Following a notable increase in January, employment for 25- to 54-year-old men held steady in February. Compared with February 2016, employment for this group increased by 63,000 (+1.0%), driven by gains since the fall of 2016. In the 12 months to February, the unemployment rate for core-aged men fell by a full percentage point to 5.8%.
Employment among men aged 55 and older increased by 14,000 in February, and their unemployment rate was 6.3%. In the 12 months to February, employment among older men rose by 63,000 (+3.1%) and their population increased by 154,000 (+3.1%).
In February, employment among women aged 55 and older held steady and their unemployment rate was 5.2%. Compared with 12 months earlier, 56,000 (+3.4%) more women aged 55 and older were working, and the number of women in this age group rose by 156,000 (+2.9%).
Employment among youths aged 15 to 24 was little changed in February, both in the month and on a year-over-year basis, while their population continued to decline. Their unemployment rate was down by 0.9 percentage points to 12.4% in February, as fewer youths searched for work.
In February, employment increased by 19,000 in British Columbia, continuing an upward trend that began in the spring of 2015. The increase was fueled by gains in full-time work and was spread across several industries. In the 12 months to February, employment increased by 85,000 or 3.6%, the fastest growth rate among the provinces. Over the same period, the unemployment rate fell by 1.4 percentage points to 5.1%, the lowest since October 2008. In February, British Columbia posted the lowest unemployment rate among the provinces.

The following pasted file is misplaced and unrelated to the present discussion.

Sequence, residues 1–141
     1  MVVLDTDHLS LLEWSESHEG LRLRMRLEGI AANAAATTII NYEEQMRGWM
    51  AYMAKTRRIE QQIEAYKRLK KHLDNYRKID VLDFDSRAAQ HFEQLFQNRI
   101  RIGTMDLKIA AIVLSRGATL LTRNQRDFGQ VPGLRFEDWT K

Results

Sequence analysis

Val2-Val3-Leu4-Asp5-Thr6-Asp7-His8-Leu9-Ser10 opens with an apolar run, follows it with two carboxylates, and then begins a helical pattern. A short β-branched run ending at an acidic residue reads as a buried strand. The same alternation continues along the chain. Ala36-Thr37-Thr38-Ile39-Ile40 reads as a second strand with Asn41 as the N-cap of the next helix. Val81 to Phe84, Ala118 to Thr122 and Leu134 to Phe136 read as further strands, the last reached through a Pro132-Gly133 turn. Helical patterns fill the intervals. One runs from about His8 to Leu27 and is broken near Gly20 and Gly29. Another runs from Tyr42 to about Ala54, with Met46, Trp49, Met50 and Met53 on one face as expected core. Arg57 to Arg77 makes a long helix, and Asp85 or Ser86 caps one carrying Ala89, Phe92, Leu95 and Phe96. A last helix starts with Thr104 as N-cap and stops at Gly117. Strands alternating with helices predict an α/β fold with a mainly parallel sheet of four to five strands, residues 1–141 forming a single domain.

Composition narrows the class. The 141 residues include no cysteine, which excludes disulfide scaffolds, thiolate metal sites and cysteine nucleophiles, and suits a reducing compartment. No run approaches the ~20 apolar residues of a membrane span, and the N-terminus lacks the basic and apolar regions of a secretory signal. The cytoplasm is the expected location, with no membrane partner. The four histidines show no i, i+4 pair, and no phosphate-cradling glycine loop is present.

Employment in Saskatchewan rose by 8,000 in February, the largest increase since April 2012. Nearly all of the gains were in full-time work and stemmed from the services sector. Prior to the increase in February, total employment had been relatively flat since the spring of 2016. In February, the provincial unemployment rate fell by 0.4 percentage points to 6.0%.